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“When I was a little boy, I’d go to church,” the man whispered. “But then I couldn’t go, because God didn’t love me anymore.” At twenty-five years old, he found himself in a wheelchair in the Infectious Diseases Clinic at Duke University Medical Center in Durham, North Carolina, talking with Chaplain Dagney Jochem (M.Div., 1995). Because he had been sexually involved with men, he felt that God no longer loved him. When the man died two days later of AIDS, “I thought to myself, I don’t want one more person to ever have that feeling,” said Jochem. “Or to find out two days before they die that it isn’t true.”

That conversation took place in 1995. Early in 1996, Jochem wrote a grant to start Partners in Caring, a program designed to provide pastoral care services to people in rural areas, many of whom were isolated by location, poverty, and the religion and culture that condemned them for having a disease. As director of Partners in Caring at Duke University Medical Center, this fall Jochem was one of fifteen Purpose Prize finalists honored by Civic Ventures, a San Francisco think tank. The prize recognizes people over the age of sixty who are “defying societal expectations by channeling their creativity and talent to address critical social problems at the local, regional, or national level,” according to the Civic Ventures web site.

Jochem said that her work with “positive people,” or people living with HIV, began in her PTS field education placement at the Hyacinth AIDS Foundation in New Brunswick, New Jersey. She came to seminary in her fifties, from a career in economics. After graduation she did clinical pastoral education at Duke, where she met the young man who inspired Partners in Caring. In rural areas, a big source of social support is the church, but Jochem said that she kept hearing from her patients, “‘The clinic is the only place I can come to talk about God—not the church, because they don’t want me there.’” Jochem said, “I believed that if given the chance, the church would open its arms and help people that needed helping.”

And the church did. But counter to conventional wisdom, the biggest response came not from mainline churches, which “think right, but aren’t interested in doing things,” according to Jochem, but from Pentecostal churches in the area. “Some of our most participatory churches have theologies that are pretty judgmental…. You never know who is going to say yes,” she said.

As pastors came to the program and learned the facts about HIV and AIDS, they were able to welcome their HIV positive members and their families back to the church. Jochem said that many thought they could catch HIV from the water in the baptismal font, or by drinking from a common cup. “The misconceptions are monumental,” she said.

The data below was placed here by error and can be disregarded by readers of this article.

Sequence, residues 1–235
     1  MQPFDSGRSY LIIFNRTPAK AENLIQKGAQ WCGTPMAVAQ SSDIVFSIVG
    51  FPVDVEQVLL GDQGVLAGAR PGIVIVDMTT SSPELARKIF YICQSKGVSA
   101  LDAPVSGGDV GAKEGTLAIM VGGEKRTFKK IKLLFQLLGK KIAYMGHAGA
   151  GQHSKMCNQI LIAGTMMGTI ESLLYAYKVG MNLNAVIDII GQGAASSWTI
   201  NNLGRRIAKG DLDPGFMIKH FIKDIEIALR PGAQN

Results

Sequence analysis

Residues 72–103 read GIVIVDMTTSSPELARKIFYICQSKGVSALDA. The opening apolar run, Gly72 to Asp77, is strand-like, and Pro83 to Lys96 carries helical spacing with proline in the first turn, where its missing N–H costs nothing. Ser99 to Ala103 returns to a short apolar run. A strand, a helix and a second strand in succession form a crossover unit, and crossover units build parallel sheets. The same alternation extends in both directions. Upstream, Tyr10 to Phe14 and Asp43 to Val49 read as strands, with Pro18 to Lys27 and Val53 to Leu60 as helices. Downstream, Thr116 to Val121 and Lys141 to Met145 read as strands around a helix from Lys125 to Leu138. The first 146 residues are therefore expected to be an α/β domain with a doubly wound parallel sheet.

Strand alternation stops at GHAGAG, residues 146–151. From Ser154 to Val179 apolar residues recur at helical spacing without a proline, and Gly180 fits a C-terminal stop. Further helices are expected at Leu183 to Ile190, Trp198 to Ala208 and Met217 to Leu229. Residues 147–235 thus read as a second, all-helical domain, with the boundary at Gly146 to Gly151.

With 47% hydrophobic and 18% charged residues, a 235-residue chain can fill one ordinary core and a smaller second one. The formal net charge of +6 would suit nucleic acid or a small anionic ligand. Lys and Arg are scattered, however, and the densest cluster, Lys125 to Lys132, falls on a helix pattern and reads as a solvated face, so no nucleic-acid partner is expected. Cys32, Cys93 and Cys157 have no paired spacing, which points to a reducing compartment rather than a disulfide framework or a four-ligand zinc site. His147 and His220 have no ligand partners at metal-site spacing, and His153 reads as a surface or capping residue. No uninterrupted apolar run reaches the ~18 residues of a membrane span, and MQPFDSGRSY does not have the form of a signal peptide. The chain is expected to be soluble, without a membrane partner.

So are some of the challenges rural clergy face in correcting them. The program, which has now trained hundreds of clergy, requires frank talk about sex and drugs, two topics churches tend to avoid. “Clergy want to address the issues, and keep their jobs, too,” said Jochem. “There’s a real stigma. It helps to have more than one pastor in an area [talking about HIV/AIDS], for their job security. And [it helps that] the people who talk to the clergy are other clergy.”

Peer-to-peer education turned out to be the key to the program’s success. It worked so well with clergy that Jochem soon created another program, Peer Education Training Sites (PETS), to train peer counselors. Some who attend PETS have never revealed their positive HIV status before, but Jochem said the peer support is transformative: “People come in with faces of misery, they come because we give them lunch, and they leave dancing on the table.”

Just as transformative is the recognition of the value of their experience. “We find out how long people have been living with HIV, and with ten or twenty people in the room, we’ll have one hundred to two hundred years of experience,” said Jochem. “We tell them they have a lot to offer, and to teach.” Asked what he gained from the training, one peer counselor said, “I learned that I still have something to give.”

Jochem says her theology was formed through the example of her parents, who were active in the civil rights movement in Florida where she grew up, and in her Old Testament and church history classes at PTS. “I took church history every semester,” said Jochem, where she learned that in the early church, “there were female images of the divine, and when Christianity started, people were open to community. I learned about the role of women, and of slaves. The early church didn’t exclude.” This understanding guides her work with HIV positive people today. “I don’t think in the Kingdom of God there are those who are left out, so why should we leave people out?” she said.

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